Magdeburg Coat of Arms
The Magdeburg Coat of Arms shows, against a silver background, a red castle structure with black mortar which is flanked by two towers, each with pitched roofs. The golden door of the castle gate is wide open and the black portcullis is raised. Between the towers, a virgin (or maiden) stands, dressed in green and holding a green wreath in her raised right hand.
The illustration of maiden (Magd) and castle (Burg) can already be found in the oldest seal of the city. When, in the middle of the 13th century, the first city council came about, the citizenship of Magdeburg began to use their own seal and they continued to use it during the entire period of the Middle Ages. The seal shows a woman with half raised arms standing above the gate of a castle with several towers. The pieces of cloth dangling from her arms and the fact that she wears her hair loose mark her as a virgin. In later illustrations of the seal the virgin holds a wreath in her raised right hand as a sign of purity.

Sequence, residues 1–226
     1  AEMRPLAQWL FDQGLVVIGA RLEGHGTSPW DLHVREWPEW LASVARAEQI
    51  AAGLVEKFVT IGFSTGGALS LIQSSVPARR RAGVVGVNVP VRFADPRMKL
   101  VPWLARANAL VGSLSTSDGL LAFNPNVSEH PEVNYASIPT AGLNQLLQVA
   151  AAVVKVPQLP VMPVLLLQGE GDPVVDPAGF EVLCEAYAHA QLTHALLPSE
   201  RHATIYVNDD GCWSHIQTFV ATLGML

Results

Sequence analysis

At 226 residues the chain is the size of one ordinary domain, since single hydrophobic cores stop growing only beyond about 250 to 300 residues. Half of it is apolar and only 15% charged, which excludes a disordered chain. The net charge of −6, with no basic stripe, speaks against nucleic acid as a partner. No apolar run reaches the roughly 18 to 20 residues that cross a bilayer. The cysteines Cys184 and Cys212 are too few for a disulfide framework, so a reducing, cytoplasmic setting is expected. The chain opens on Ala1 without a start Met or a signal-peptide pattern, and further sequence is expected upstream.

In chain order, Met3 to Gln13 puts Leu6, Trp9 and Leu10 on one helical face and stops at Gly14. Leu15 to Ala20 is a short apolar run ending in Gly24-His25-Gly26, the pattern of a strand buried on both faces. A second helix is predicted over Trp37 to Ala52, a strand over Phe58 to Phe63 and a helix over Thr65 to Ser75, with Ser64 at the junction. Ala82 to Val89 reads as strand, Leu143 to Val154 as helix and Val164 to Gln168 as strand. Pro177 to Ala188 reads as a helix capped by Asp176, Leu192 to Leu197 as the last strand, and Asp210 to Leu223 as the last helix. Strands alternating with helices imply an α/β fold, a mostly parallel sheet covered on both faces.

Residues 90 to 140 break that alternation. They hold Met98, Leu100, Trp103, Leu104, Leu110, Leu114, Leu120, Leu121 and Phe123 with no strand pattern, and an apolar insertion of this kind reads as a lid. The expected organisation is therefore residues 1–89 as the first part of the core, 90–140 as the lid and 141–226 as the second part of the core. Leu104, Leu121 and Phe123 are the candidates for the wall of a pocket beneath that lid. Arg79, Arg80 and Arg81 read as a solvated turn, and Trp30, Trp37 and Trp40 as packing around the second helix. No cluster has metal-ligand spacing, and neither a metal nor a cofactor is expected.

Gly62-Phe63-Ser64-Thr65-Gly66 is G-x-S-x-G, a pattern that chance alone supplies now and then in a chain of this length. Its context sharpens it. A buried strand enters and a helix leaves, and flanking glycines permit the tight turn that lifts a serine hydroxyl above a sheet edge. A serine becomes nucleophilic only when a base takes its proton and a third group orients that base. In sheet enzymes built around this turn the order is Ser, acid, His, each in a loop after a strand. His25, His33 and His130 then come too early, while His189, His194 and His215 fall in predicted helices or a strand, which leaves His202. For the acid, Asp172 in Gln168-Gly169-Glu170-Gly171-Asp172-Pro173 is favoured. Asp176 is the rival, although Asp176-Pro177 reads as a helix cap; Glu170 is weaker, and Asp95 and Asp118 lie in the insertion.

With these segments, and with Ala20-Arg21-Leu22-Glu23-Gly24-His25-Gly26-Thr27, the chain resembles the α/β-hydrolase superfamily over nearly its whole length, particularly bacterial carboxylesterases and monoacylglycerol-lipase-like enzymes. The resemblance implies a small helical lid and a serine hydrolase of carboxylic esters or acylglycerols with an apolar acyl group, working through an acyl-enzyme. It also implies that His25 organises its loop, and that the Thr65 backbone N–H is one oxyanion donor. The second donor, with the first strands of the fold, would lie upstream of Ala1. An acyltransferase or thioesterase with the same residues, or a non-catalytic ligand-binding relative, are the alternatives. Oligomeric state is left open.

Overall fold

The seal was used to formally document the legal capacity of the municipal community, and it was mentioned for the first time in 1244. This seal is affixed to a preserved deed dating back to 1438, and is also preserved in a document granting rights to the polish city of Wroclaw in 1261. The inscription reads:
+ SIGILLVM BVRGENSIUM IN MAGDHEBVRCH (= seal of the citizens of Magdeburg).
The Magdeburg Coat of Arms belongs to the so-called canting arms, quite common in German civic heraldry, where the virgin and the castle or fortification symbolise the name of the city. The design of the coat of arms changed over the centuries to suit the taste of its time. As a result, various illustrations have been handed down over time.
An essential part of the coat of arms has always been the shield which bears the seal. Since the 16th century, an additional coat of arms has been used where the shield is divided into four quarters. Here, the heraldic figure of the virgin is displayed in the first and fourth quarter whereas in the second and third quarter a five-petal rose is pictured. The so-called “large coat of arms” can still be admired above the entrance of the New Town Hall (erected at the beginning of the 20th century).
Today, a city’s coat of arms is used for various purposes and in a range of contexts. It adds a decorative touch to the stationary used by municipal authorities as well as to local products, flags and banners, information and advertising material, city maps, media, means of transport etc. In fact, a city’s coat of arms represents the municipal community. It is a symbol, serving as a distinctive mark which is easy to recognise for citizens and foreigners alike.